Monday, December 21, 2015

Solstice 2015

Early autumn is a lovely time of year at Frances Lake:  the fall
colors are everywhere, wildlife is on the move and the mosquitoes are
gone.  The characteristic sound of the season is the purring bleat of
migrating cranes.  They pass over in dozens and hundreds, rarely
landing here but often pausing in flight at the end of the lake to
regroup and set their next heading.

Early Autumn
Cranes
Caribou are also traveling then, to their winter ranges.  I watched
the shore obsessively for weeks in September and shot a fine bull, who
will be honored at mealtimes all winter.
Last year berries were scarce, but they were abundant this year, and
very welcome to all who enjoy them — birds, bears and people.  In an
hour I picked enough cranberries around the house to make 12 pints of
jam.
Cranberries
But this season of mists and mellow fruitfulness is fleeting.  By the
time autumn actually begins with the equinox most of the leaves are
already on the ground and we are moving into the drab transitional
time until the snow brightens the landscape again.

Winter also anticipates its season.  I think it begins when the lake
freezes over, which happened a couple of weeks ago:  until then the
open water moderates the temperature, but after that the deep cold can
begin.  My building project this year was  a woodshed —- it's good to
see the firewood split and stacked ready for any weather.
Eric at the Woodshed
Now, with the coldest days still ahead, here’s a wish for full
woodpiles, larders and freezers for everyone.

Eric

Wednesday, May 27, 2015

Early Breakup

After a couple of months in the big cities of Whitehorse, New York, Williamstown, Mass. and Vancouver, I got back to the lake in mid-April.  Although I was weighted down with onions and apples the trip in was good:  one day up along the shore on the ice of the West Arm to the wall tent; the second day through the forest and across the frozen ponds home.  All was well here except that my internet connection was not working.

On the Way
Now six weeks without YouTube is bad enough, but since the VHF radiotelephone tower was decommissioned last fall email and Skype are my only connections outside.  And on trips like these I always set a date:  if I am not heard from by a certain day, the search will begin.  I really did not want the Mounted Police out here in a helicopter looking for me, so my only option was another long hike, more than 25 miles in the other direction on the lake, to the Lodge.  Conditions were nearly ideal, but it was a long day.  Thank goodness the folks were there and I could get the message out that I was OK.

After that I enjoyed a very peaceful time until breakup, untroubled by any news from outside.  I had a few projects:  I cut firewood and restrung some snowshoes with nylon — I like the traditional frames, but babiche is no good in wet spring conditions; I worked on a new woodshed.  But mostly I spent the lengthening days observing the spring changes.  I watched the ducks, geese and swans who were already gathered in the open water where the river flows into the lake — paddling around, sitting quietly, or circling off when the eagle flapped over.  I waited for favorites like the first rattle of kingfishers, Spring Azure butterflies and camass lily shoots.  It was good to be here to welcome them all, though as usual there were more than enough mosquitoes.  Finally the first caribou, looking rather shabby, came plodding up the beach on the way to their summer ranges in the mountains — three cows, all heavily pregnant, one had already lost an antler.   These two bulls, with their growing antlers in the velvet, crossed the creek about a week later.  I photographed this earnest bear right from the porch — he reluctantly ambled away when I banged on a saucepan.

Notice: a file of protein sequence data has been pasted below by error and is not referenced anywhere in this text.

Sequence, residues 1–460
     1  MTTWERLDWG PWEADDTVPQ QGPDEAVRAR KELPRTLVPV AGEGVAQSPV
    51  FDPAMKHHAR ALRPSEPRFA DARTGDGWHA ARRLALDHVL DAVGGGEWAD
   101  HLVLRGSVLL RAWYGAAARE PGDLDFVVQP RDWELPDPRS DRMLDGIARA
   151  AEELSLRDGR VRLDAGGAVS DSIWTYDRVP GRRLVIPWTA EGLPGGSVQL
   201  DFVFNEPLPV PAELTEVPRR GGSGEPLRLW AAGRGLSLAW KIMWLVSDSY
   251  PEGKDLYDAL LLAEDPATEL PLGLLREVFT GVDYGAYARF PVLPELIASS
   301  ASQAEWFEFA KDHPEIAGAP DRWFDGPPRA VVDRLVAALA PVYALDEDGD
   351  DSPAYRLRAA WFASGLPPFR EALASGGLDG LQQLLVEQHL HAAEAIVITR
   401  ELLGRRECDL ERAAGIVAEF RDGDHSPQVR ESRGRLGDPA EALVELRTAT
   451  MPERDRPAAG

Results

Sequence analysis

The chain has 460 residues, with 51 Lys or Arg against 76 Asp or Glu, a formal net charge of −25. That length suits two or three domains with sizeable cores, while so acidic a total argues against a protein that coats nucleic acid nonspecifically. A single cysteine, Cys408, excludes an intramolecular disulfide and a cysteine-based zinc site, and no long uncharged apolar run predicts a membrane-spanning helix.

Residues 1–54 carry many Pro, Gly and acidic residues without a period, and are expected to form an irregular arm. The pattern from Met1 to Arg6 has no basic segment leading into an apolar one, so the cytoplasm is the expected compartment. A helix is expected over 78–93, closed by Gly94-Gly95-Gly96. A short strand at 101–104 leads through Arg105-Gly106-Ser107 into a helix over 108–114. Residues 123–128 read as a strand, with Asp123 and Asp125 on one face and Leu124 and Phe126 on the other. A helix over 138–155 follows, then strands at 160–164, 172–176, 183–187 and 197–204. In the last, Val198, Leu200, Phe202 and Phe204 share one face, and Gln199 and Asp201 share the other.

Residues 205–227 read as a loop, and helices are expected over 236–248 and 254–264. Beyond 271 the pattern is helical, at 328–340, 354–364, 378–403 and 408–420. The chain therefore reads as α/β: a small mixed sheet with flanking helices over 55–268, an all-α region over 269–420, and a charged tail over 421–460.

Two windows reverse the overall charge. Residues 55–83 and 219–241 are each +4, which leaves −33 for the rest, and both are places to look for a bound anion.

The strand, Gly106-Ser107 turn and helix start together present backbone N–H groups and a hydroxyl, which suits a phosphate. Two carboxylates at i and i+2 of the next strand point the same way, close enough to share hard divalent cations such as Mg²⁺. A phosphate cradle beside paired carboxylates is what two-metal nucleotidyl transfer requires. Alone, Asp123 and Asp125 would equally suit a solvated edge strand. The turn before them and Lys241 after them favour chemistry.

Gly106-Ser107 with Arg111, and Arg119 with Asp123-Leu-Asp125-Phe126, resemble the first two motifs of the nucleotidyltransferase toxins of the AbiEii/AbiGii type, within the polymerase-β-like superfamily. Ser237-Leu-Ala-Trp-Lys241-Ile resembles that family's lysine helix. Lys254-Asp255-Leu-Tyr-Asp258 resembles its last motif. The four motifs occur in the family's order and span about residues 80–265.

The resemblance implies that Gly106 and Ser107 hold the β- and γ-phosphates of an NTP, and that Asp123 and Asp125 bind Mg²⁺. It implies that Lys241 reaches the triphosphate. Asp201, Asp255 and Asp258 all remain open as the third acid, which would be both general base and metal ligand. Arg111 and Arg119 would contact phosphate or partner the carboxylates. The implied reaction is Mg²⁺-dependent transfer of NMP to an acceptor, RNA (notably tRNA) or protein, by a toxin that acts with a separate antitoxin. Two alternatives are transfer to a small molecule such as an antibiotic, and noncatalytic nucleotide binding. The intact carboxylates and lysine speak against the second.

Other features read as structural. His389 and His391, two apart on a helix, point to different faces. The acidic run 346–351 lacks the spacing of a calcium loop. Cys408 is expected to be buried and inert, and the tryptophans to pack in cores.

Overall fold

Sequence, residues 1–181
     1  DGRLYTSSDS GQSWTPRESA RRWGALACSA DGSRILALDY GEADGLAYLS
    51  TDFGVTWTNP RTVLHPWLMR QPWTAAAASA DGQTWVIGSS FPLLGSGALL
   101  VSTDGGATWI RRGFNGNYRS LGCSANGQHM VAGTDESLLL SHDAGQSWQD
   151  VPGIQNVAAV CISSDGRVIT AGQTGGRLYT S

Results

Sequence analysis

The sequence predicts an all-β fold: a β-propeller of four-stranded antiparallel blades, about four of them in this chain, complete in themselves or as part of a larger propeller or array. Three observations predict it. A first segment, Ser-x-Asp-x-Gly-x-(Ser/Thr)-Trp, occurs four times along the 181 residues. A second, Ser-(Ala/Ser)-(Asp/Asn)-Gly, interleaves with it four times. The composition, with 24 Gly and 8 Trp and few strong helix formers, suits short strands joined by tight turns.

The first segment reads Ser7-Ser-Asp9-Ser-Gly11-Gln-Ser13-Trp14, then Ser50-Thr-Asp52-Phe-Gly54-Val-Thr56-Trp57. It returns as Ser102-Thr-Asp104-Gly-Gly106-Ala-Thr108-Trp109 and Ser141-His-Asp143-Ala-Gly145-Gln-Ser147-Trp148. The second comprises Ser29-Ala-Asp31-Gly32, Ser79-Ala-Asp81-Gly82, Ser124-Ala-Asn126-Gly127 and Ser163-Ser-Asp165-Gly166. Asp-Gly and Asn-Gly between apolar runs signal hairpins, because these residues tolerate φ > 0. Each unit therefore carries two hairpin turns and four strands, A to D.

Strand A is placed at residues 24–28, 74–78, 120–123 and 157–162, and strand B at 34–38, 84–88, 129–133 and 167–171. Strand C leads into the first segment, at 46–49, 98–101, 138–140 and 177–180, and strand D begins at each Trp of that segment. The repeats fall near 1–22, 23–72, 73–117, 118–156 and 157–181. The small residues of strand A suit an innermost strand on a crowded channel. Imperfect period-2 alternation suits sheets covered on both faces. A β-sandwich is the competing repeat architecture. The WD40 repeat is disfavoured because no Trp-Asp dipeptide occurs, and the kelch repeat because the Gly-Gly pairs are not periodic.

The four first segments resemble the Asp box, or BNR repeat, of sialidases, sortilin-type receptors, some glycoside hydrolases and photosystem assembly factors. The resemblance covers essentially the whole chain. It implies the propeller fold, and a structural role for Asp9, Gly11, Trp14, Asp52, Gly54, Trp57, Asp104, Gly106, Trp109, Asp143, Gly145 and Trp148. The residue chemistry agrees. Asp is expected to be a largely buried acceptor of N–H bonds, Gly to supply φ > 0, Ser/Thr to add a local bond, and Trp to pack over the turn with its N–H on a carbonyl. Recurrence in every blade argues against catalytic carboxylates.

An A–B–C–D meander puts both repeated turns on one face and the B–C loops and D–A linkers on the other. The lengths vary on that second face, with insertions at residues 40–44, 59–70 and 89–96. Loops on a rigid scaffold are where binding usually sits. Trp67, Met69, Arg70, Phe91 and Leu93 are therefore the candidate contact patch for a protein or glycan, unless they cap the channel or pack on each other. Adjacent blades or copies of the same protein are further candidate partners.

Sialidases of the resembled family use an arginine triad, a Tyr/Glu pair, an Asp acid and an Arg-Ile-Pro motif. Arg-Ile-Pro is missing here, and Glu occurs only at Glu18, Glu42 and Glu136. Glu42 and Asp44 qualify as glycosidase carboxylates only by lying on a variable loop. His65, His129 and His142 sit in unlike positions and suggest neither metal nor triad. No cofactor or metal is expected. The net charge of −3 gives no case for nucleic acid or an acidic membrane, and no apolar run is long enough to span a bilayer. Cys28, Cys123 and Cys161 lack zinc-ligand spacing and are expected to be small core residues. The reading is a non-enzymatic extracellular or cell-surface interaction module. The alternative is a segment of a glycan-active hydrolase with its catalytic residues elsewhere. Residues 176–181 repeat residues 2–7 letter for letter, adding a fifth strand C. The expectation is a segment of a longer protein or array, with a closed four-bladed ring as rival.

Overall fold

Stringing Snowshoes

Spring Bulls

Spring Bear
There was very little snow last winter and the beaches and trails were clear early.  Sped up by an unusually long stretch of hot sunny weather the ice mostly melted away in place and the waters began to rise quickly, coming up around ten feet in just a couple of weeks and hiding all the beaches.  Even before the lake was clear I saw an orange tint on the clouds signaling smoke from distant early forest fires, a real mark that summer had already begun, and on my first boat trip to the landing there was a fire burning in the Narrows about 25 miles away.   On my way back the the flames had come right down to the water’s edge and the lake was shrouded with heavy smoke for miles.

Fire in the Narrows

Saturday, March 21, 2015

Spring Thing

Wellesley Townsman 1972

Thursday, January 1, 2015

New Year

It's hard to believe that we are not very far from the beginning of winter -- it has already been cold and snowy here at the lake for a long time.  Still, I am reminded of the words of the poet:  "O Wind,
If Winter comes, can Spring be far behind?"

Will and Joanna, who enlivened things for the last couple of months, snowshoed out before the Solstice, so all is quiet here.  The jaybirds still come to my whistle most days, but they are usually joined by I don't know how many shirttail relatives and the decorous raisin handout is now often a scrappy free-for-all.  When they don't show up I imagine them feasting at a wolf kill somewhere nearby.  The summer migrants are gone and the only new birds are ghostly white ptarmigan, blown down from the mountains, who scuttle in the snow under the willows on their big feathered feet and sail off when alarmed.

The nights are very long this time of year, but when it is clear all the stars that were hidden by the summer's midnight sun are bright, and the sky is filled with light.  So many stars to wish upon!

Sending you good wishes for the New Year,

Eric